Title: The Colonisation of Irish Soil: Metabolic Rift and Other Colonial Causes of the Great Famine.
Name: Richard Healy
Student No.: 63142546
Nature and Society Eamonn Slater
God sent the Blight, the English sent the Famine.
Popular saying among Irish Peasants.
“..all progress in capitalistic agriculture is a progress in the art, not only of robbing the labourer, but of robbing the soil.” Karl Marx, Capital Vol. One
While Karl Marx is primarily known as a theorist of industrial capitalism, he was also interested in the effects of the capitalist mode of production on agriculture and the soil. Marx’s work on this topic is scattered across some comments in Capital, his letters to Engels, his notes on the work of his contemporary, the agricultural chemist Justus von Liebig and among many of the speeches he gave. In a speech “On the Irish Question”, which Marx gave in 1867, he declared the Irish industry as suppressed in order to force the Irish to sell their raw materials including agricultural produce to England at low cost. Ireland’s efforts to industrialise were thwarted deliberately, suggesting that the construing of Ireland as an “international farm” to support a rapidly industrialising and capitalising Britain is not an overstatement. (Flaherty (2013, p.61) claims that the regarding of Ireland as “a granary for the remainder of the United Kingdom” was not an exaggeration.) With the help of the Protestant Penal Laws, Catholics could not be landowners, were not allowed to make wills, and were not to claim an inheritance. These consolidated as a means of “robbing” the Irish of their land (ibid). Thus far, it appears this speech has little to do with ecology or soil exhaustion. A familiarity of the dialectical thinking of Marx is required to understand how he used a complex interweaving of processes; Capitalism, colonialism and ecology, to form a totality. For Marx and indeed Hegel, from whose work Marx developed a reconstructed interpretation of this mode of thought, the world could not be explained by reducing everything to simple externally related determinants. On the contrary, it had to be understood in terms of developing totalities. This ‘ecological Marx’ has been reconstructed most notably by John Bellamy Foster and his collaborators, centring on the notion of the metabolic rift. Foster (2000), writes of Marx' introduction of the term “metabolism” to demonstrate the processes between man and nature in which man “mediates, controls and regulates” this process, (p.141). The dialect between nature and society enables Marx to formulate a socio-ecological framework to better understand the complex relationship between man and nature. The Famine, I postulate was a result of this “metabolism”, manifesting in colonisation, including the deliberate pauperising of peasants. Prior to the Famine, the confluence of these factors created abominable living conditions for colonialized Ireland. It is this period that this paper aims to explore with both the biological and socio-economic aspects of British colonialism in Ireland being examined. When writing on colonialism, Marx usually utilized India as an example of exploitation on an international scale, however according to Slater (working paper, p.2), considering Ireland, “Marx demonstrates that colonialism penetrated all aspects of this organic totality including its ecological base.” This work aims to briefly explore these two distinctly different processes of colonialism that had the congruent result of soil exhaustion. Pre-Famine, it is generally assumed, by scholars including Slater (ibid, p.3) that Ireland had at least the “potential” to replace the nutrients that constituted cultivatable soil, however the fact remains that even with the efforts of the Cottiers, the Irish soil was under considerable strain. Post Famine, the deliberate clearing of Ireland as...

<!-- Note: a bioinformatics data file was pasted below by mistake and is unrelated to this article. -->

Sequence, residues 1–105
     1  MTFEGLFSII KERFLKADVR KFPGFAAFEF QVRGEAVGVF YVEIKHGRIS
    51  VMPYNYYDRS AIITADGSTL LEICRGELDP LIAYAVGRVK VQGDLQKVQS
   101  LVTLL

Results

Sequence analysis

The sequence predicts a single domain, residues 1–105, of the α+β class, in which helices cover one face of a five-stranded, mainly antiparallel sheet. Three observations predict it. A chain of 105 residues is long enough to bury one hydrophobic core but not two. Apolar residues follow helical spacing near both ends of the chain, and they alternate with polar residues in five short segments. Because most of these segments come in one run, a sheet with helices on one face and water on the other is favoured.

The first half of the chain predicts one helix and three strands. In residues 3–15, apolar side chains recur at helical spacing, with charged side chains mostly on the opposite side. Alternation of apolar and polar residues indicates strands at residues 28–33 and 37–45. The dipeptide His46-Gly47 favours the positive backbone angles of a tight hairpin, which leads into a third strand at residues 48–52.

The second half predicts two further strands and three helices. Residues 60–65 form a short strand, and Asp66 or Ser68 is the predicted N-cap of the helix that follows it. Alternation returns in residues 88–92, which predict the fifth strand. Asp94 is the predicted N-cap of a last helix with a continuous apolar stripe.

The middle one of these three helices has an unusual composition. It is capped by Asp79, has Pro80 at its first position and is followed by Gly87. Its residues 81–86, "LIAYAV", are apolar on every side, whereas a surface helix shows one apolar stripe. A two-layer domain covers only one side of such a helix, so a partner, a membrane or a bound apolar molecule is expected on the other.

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Foster, J. Bellamy. 1999, Marx’s Theory of Metabolic Rift: Classical Foundations for Environmental Sociology, American Journal of Sociology
Foster, J. Bellamy. 2000, Marx’s Ecology, Materialism and Nature, New York: Monthly Review Press.
Marx, Karl.& F. Engels. 1960. Ireland and the Irish Question, Collected Works, 2nd Russian Edition, 21(317).
Slater, Eamonn. & McDonough, T. 2008. Marx on 19th century colonialism of Ireland: Beyond Dependency theory, NIRSA working papers, no.35.
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Slater, Eamonn. 2014, Marx on Irish soil: colonized, depleted and finally exhausted, (working paper) Maynooth University Moodle.
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